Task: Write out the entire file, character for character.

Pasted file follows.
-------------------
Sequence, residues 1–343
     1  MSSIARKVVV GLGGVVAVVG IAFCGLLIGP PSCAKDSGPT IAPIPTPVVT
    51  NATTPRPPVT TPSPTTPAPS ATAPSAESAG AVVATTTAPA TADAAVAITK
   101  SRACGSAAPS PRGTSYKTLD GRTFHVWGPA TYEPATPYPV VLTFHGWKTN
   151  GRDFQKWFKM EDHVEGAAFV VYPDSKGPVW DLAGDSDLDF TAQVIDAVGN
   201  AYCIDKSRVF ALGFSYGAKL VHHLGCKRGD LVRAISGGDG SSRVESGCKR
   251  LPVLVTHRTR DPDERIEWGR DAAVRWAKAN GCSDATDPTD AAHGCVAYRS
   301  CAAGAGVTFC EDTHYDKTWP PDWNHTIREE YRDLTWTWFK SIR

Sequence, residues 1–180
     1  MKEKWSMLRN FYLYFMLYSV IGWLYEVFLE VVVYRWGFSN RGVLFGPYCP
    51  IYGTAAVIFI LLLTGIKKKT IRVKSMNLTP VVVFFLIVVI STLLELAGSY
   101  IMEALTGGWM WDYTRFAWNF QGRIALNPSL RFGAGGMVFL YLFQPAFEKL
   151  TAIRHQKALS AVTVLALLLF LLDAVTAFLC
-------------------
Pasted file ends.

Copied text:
Sequence, residues 1–343
     1  MSSIARKVVV GLGGVVAVVG IAFCGLLIGP PSCAKDSGPT IAPIPTPVVT
    51  NATTPRPPVT TPSPTTPAPS ATAPSAESAG AVVATTTAPA TADAAVAITK
   101  SRACGSAAPS PRGTSYKTLD GRTFHVWGPA TYEPATPYPV VLTFHGWKTN
   151  GRDFQKWFKM EDHVEGAAFV VYPDSKGPVW DLAGDSDLDF TAQVIDAVGN
   201  AYCIDKSRVF ALGFSYGAKL VHHLGCKRGD LVRAISGGDG SSRVESGCKR
   251  LPVLVTHRTR DPDERIEWGR DAAVRWAKAN GCSDATDPTD AAHGCVAYRS
   301  CAAGAGVTFC EDTHYDKTWP PDWNHTIREE YRDLTWTWFK SIR

Sequence, residues 1–180
     1  MKEKWSMLRN FYLYFMLYSV IGWLYEVFLE VVVYRWGFSN RGVLFGPYCP
    51  IYGTAAVIFI LLLTGIKKKT IRVKSMNLTP VVVFFLIVVI STLLELAGSY
   101  IMEALTGGWM WDYTRFAWNF QGRIALNPSL RFGAGGMVFL YLFQPAFEKL
   151  TAIRHQKALS AVTVLALLLF LLDAVTAFLC